Interstate 110 (Texas)

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Interstate 110 marker

Interstate 110
Map of Interstate 110 in red
Route information
Maintained by TxDOT
Length: 0.89 mi[1] (1.43 km)
Existed: April 1, 1967[1] – present
Major junctions
South end: Bridge of the Americas to Carretera federal 45.svg MX 45 at Ciudad Juárez, Chihuahua
  US 62 in El Paso
US 54 in El Paso
North end: I‑10 / US 54 / US 180 in El Paso
Counties: El Paso
Highway system
SH 109 SH 110

Interstate 110 (I-110) is a 0.9-mile (1.45 km) Interstate spur route in El Paso extending from Interstate 10 (I-10), south along U.S. Highway 54 (US 54), turns west then turns south into Mexico. Interstate 110 provides access from Interstate 10 to the Bridge of the Americas, which spans the Rio Grande to connect with Avenida Abraham Lincoln in Ciudad Juárez, Mexico. Interstate 110 is currently the only three-digit Interstate to connect directly with Mexico, and one of only two to connect to an international border, the other being Interstate 190 in New York.

Route description[edit]

Interstate 110 northbound at its southern terminus

I-110 is a short spur route of I-10 in El Paso that connects I-10 with the Cordova International Bridge at the United States-Mexico border. The highway begins at its southern terminus, the beginning of the Bridge of the Americas, which spans the Rio Grande River and connects to Mexican Federal Highway 45 (MX 45). The route proceeds north, crossing over all six lanes of Texas State Highway Loop 375 (Loop 375), the Cesar E. Chavez Border Highway, and the divided Delta Drive. Immediately after passing over Delta Drive, the highway's truck lanes split off and pass through a specialized customs area. The roadway's main lanes proceed northward through the Cordova Point of Entry, where each vehicle is searched. The route continues north, traveling parallel to Chamizal National Memorial, before splitting off and reaching a diverging diamond interchange with U.S. Route 62 (US 62), East Paisano Drive. The road bends eastward, traveling past several houses and businesses, before it reaches an incomplete interchange with US 54, the Patriot Freeway.[2][3] From the interchange, I-110 proceeds north as a complex series of three level entrance and exit ramps, unofficially referred to as the "Spaghetti Bowl".[4] The ramps merge into US 54, and the roadway continues concurrently with it, passing over Lincoln Park before reaching its northern terminus, an interchange with Interstate 10 (I-10). US 54 continues northward from the interchange.[3][5] The Texas Department of Transportation (TxDOT) lists I-110's official length as being 0.891 miles (1.434 km),[1] while the Federal Highway Administration (FHWA) lists it as being 0.92 miles (1.48 km).[6]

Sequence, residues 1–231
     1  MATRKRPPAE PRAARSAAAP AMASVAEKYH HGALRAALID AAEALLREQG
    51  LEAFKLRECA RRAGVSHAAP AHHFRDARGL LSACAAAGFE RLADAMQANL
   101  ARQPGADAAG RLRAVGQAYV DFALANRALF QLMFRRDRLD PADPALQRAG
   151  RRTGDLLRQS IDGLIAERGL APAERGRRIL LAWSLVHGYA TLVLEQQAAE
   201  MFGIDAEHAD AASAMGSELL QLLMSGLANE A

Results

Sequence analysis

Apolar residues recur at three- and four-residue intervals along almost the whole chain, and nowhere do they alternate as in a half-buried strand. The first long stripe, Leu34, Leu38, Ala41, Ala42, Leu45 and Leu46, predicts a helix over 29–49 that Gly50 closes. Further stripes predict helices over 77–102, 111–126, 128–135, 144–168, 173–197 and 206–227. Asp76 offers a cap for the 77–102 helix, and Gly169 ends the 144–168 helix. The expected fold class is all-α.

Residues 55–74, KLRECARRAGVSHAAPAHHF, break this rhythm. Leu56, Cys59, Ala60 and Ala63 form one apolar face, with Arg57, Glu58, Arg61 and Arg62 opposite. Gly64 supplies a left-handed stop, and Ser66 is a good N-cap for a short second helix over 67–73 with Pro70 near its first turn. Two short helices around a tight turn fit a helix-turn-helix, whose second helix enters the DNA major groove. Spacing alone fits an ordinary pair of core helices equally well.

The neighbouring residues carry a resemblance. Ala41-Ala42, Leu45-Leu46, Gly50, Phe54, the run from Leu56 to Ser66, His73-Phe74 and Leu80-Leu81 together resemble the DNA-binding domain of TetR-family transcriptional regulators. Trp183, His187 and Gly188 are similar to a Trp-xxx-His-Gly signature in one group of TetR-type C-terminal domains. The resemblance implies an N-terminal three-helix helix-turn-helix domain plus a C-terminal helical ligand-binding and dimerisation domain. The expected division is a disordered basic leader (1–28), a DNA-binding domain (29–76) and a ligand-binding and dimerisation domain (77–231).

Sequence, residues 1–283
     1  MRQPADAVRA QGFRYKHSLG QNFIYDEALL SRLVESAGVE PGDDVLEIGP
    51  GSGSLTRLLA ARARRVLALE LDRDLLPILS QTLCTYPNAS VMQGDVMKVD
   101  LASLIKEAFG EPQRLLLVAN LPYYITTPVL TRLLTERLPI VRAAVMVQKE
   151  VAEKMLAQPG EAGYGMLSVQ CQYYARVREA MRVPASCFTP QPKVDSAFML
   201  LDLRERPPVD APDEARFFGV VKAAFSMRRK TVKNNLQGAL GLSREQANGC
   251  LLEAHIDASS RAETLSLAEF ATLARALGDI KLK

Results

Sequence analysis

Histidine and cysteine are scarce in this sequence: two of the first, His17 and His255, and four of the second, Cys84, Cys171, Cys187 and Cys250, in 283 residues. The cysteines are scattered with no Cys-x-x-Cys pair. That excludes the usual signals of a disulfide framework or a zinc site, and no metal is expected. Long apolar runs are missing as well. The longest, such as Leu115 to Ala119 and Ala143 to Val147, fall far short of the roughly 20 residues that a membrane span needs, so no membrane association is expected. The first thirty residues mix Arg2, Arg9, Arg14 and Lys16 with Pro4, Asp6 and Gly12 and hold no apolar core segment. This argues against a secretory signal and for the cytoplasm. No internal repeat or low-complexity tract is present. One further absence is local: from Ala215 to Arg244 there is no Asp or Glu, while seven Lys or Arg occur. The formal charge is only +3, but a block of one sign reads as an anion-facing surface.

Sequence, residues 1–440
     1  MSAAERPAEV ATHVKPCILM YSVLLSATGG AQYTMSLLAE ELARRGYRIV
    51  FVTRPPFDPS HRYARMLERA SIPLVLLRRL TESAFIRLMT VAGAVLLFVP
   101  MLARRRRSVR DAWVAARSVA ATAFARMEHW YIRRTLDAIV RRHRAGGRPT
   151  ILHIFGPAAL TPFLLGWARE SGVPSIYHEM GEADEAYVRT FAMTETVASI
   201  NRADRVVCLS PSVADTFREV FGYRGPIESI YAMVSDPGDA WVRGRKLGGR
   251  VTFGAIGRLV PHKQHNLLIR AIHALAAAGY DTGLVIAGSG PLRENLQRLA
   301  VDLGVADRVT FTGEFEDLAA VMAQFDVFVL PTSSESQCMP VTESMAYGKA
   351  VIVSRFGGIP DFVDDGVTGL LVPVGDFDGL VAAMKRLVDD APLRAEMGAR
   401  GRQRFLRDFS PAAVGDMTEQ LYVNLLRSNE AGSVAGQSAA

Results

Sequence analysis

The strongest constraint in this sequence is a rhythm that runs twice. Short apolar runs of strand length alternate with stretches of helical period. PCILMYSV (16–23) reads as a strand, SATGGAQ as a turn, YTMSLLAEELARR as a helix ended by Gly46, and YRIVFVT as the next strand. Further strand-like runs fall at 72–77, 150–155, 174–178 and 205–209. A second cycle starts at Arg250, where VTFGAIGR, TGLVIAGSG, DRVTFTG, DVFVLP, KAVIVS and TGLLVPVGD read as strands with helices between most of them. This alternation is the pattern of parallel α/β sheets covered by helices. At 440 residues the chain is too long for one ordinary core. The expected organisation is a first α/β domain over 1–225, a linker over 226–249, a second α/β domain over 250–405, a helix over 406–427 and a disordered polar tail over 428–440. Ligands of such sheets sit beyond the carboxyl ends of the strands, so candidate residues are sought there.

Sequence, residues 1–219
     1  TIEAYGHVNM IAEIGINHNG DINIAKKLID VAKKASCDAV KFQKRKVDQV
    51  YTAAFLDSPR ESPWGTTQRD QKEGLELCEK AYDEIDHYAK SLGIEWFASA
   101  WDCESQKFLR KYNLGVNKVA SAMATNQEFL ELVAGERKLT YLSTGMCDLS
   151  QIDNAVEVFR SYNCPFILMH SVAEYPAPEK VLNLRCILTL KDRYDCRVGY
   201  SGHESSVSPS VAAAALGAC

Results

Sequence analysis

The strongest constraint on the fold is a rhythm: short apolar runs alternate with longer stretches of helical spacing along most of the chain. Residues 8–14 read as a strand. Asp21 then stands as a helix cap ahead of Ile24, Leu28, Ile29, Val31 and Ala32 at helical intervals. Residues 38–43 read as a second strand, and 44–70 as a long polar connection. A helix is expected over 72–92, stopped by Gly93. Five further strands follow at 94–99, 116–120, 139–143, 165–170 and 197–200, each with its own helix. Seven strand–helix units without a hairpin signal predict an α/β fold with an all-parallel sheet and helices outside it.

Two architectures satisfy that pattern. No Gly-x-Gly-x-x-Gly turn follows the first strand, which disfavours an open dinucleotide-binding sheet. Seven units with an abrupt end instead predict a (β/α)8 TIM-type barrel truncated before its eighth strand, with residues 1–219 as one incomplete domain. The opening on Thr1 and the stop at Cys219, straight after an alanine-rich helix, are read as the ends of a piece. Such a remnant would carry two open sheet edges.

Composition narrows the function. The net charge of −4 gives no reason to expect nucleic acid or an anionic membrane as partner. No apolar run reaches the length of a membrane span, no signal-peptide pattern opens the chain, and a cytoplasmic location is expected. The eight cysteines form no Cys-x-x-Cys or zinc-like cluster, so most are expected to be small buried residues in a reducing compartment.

I-110 was officially designated as a route from I-10 to the Cordova International Bridge in 1967.[1] The interchange at US 62 was completed in 1970.[7] By 1972, the interchange at US 54 had been completed.[8] The overpass at SH 20 as well as the interchange at I-10 was completed in 1973.[9][10]

Exit list[edit]

The entire route is in El Paso, El Paso County.

Mile[11] km Exit Destinations Notes
0.000 0.000 Bridge of the Americas over Rio Grande to MX 45 shield MX 45; southern terminus
0.198 0.319 Cordova Point of Entry All vehicles inspected
1 US 62 (East Paisano Drive) Diverging diamond interchange
0.471 0.758 San Antonio Street Northbound exit only
0.594 0.956 20B US 54 (Patriot Freeway) Northbound exit and southbound entrance
0.891 1.434 21B I‑10 (Gateway Boulevard) / US 180 Northbound exit and southbound entrance; northern terminus
1.000 mi = 1.609 km; 1.000 km = 0.621 mi

See also[edit]


  1. ^ a b c d Transportation Planning and Programming Division. "Interstate Highway No. 110". Highway Designation Files. Texas Department of Transportation. Retrieved 2008-03-02. 
  2. ^ National Park Service (NPS) (2013). Chamizal Map (Map). 1 inch=500 feet. Cartography by National Park Service.
  3. ^ a b Google Inc. "Overview Map of Interstate 110". Google Maps (Map). Cartography by Google, Inc.,-106.445117&spn=0.021635,0.027595&sll=31.775589,-106.443787&sspn=0.005409,0.006899&geocode=FYav5AEdJq-n-Q%3BFTXh5AEdQdCn-Q&t=h&mra=dme&mrsp=1&sz=17&z=15. Retrieved June 10, 2013.
  4. ^ Acosta, Gustavo Reveles (October 17, 2010). "Gustavo Reveles Acosta: Freeway ramps: What's in a name?". El Paso Times. ISSN 0746-3588. Retrieved June 10, 2013. 
  5. ^ Texas Department of Transportation (2012) (PDF). Texas County Map Book (Map). 1:120,000. Cartography by Transportation Planning and Programming Division (2012 ed.). p. 71. Retrieved June 11, 2013.
  6. ^ Staff (October 31, 2002). "Table 2: Auxiliary Routes of the Dwight D. Eisenhower National System Of Interstate and Defense Highways as of October 31, 2002". Route Log and Finder List. Federal Highway Administration. Retrieved June 11, 2013. 
  7. ^ "US 62 interchange". National Bridge Inventory. Retrieved 2008-03-02. 
  8. ^ "US 54 interchange". National Bridge Inventory. Retrieved 2008-03-02. 
  9. ^ "I-10 interchange". National Bridge Inventory. Retrieved 2008-03-02. 
  10. ^ "I-10 interchange". National Bridge Inventory. Retrieved 2008-03-02. 
  11. ^ Texas Department of Transportation (2013). Statewide Planning Map (Map). Cartography by Transportation Planning and Programming Division. Retrieved June 11, 2013.

External links[edit]

Route map: Google / Bing

Geographic data related to Interstate 110 (Texas) at OpenStreetMap